Brahms: Symphony No. 1; Symphony No 2; Symphony No 3; Symphony No 4; Tragic Overture; Variations on the St Anthony Chorale

LABELS: RCA Classical Navigator
WORKS: Symphony No. 1; Symphony No 2; Symphony No 3; Symphony No 4; Tragic Overture; Variations on the St Anthony Chorale
PERFORMER: Dresden Staatskapelle/Kurt Sanderling
CATALOGUE NO: 74321 30367 2 ADD
I can still remember my excitement when I first heard these performances when they were issued in the early Seventies – these were vital, gritty, readings of works that in live concerts and recordings often tended to sound bland. So, a nostalgic sigh for these discs which now seem somewhat less riveting, though they are still, at this bargain price, highly competitive.


RCA’s repackaging, alas, offers no sensible documentation about the works or their performers. Here we have one of the finest orchestras in the world directed by a man, German by birth, East German by force of circumstance, second for a time to Mravinsky in Leningrad and considered to be amongst the leading conductors of his generation. Rather special!

The First Symphony sets the tone of the cycle: seriousness without melodrama, a richly nourished string tone, the whole edifice built on a solid bass line – something akin to Klemperer but, because of wide-vibrato brass (horns especially, of course), more orchestrally individual.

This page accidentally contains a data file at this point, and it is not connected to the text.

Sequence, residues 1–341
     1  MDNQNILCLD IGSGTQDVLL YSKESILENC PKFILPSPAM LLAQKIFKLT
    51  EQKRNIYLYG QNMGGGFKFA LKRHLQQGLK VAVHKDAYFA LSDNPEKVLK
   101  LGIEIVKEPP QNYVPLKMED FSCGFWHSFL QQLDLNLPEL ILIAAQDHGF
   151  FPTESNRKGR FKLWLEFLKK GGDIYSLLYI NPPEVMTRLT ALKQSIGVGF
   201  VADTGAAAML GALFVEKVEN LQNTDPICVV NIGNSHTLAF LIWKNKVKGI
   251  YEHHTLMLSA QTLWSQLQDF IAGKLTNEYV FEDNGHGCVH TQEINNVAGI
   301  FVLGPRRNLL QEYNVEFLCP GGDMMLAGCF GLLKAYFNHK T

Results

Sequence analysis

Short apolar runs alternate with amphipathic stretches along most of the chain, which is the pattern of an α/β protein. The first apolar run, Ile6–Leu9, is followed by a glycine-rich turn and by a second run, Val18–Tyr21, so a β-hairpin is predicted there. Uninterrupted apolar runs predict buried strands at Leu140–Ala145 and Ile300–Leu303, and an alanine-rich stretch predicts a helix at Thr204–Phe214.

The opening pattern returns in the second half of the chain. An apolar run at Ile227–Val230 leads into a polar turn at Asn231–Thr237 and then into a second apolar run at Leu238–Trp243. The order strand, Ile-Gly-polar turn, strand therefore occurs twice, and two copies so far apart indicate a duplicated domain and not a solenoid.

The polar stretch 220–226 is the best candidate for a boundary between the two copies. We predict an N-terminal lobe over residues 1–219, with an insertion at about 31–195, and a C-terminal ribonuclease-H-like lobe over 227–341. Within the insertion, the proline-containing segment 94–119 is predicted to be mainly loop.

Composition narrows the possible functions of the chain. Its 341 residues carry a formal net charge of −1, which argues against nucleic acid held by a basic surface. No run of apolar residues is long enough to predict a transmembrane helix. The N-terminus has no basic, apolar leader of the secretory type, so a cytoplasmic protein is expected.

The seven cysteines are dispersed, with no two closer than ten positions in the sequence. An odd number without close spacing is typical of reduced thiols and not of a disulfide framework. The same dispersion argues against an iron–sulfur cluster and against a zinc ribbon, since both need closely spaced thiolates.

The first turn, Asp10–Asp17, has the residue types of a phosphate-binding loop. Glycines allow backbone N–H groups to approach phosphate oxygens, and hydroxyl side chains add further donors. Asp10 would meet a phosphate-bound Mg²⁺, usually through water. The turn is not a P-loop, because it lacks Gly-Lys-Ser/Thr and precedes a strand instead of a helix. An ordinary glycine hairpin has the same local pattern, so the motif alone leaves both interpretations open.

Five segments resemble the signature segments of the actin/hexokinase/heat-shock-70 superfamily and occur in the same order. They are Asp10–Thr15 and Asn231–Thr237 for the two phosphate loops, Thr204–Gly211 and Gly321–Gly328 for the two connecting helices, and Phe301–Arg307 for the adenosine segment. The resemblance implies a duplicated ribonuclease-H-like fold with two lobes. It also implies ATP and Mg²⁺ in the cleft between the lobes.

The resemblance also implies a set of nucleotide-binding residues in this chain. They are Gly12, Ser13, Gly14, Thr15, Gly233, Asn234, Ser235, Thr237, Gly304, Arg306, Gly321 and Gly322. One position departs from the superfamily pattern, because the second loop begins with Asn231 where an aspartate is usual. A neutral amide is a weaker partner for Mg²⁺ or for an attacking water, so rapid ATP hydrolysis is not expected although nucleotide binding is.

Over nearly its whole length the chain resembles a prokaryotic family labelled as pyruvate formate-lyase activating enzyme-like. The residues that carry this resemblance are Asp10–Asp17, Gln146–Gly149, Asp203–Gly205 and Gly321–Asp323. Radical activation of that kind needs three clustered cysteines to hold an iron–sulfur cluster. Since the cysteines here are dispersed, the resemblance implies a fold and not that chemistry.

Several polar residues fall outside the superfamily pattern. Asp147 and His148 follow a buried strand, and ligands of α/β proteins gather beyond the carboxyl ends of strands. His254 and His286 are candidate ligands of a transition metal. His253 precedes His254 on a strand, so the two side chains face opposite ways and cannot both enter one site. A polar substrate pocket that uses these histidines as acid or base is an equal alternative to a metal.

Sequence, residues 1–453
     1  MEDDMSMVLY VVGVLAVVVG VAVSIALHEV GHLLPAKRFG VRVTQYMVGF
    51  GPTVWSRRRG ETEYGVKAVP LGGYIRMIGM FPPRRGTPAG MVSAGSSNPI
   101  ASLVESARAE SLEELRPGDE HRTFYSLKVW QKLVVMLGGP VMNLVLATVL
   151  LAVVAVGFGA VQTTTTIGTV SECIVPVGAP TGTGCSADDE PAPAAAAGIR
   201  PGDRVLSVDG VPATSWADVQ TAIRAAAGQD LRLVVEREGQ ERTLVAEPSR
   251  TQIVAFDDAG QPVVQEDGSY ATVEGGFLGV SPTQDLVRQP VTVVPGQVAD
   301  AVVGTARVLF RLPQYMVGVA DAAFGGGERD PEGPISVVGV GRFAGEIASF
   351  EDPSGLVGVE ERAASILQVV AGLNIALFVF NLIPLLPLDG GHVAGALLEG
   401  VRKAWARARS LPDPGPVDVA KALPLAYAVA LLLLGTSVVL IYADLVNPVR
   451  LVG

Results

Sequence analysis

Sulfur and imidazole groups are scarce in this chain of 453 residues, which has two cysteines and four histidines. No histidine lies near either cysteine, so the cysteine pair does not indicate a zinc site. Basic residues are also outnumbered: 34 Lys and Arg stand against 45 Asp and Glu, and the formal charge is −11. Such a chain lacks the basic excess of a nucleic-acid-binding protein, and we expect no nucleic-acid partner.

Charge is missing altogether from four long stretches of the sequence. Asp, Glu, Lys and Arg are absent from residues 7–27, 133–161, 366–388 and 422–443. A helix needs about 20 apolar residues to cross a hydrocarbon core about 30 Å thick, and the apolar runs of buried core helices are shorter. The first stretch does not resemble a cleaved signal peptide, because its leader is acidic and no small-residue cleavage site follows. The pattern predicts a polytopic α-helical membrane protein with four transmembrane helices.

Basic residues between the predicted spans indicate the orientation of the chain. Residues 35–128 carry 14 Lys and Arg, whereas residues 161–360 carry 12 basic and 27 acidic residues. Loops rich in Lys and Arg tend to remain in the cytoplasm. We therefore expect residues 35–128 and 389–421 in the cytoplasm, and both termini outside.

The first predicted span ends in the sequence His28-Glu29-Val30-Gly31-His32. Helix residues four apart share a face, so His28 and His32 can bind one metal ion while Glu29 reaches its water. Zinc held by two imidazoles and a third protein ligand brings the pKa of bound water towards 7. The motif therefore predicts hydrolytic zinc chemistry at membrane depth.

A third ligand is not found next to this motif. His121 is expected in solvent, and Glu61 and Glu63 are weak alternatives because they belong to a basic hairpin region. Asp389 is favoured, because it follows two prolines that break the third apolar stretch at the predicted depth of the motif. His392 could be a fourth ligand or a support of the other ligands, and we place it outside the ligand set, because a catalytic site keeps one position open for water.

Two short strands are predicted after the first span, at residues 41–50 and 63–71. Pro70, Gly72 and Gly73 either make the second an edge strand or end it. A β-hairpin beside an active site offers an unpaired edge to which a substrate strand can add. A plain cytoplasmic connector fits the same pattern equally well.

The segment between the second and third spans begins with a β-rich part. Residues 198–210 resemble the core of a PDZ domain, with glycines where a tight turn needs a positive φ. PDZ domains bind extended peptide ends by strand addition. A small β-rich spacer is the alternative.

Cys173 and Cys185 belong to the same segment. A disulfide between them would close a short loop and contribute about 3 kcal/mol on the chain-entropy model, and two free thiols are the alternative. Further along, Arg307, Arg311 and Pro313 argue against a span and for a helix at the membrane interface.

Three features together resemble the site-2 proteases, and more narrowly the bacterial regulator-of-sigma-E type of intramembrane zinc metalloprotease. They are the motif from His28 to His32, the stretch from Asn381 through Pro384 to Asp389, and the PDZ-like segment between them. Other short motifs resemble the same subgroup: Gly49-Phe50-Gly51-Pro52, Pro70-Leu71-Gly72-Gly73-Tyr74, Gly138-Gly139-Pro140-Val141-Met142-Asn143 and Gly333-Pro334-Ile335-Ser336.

The coupling of the Second and Third Symphonies is generous (though without exposition repeats). There is nothing here as opulent or as profoundly moulded as Karajan’s Berlin sound but the lack of showmanship is a plus: for example, the finale coda of the Second is more a grandmaster’s endgame than a jockey’s final straight. The Third, also, is more dignified than glamorous – the opening Allegro is too slow for me, and there’s an especially wobbly horn in the third movement that might prove difficult to live with – but the finale is perfectly measured.

The Fourth Symphony is a marvellous display of the Dresden orchestra’s deeply burnished yet powerful sound and of Sanderling’s dedication to structural and dynamic detail. He displays all the fire sometimes missing from his more recent concerts and recordings. No one can equal Furtwängler in the Passacaglia but this performance comes closer than many.


The fillers are more than fine. The sheer fun of the ‘Haydn’ Variations is a guaranteed spirit-raiser. The occasional tendency of the CD transfers to deprive the sound of rich treble is not disfiguring and, overall, the set is worth any collector’s limited funds – marginally more recommendable than Günter Wand’s safer, more mainstream readings. David Wilkins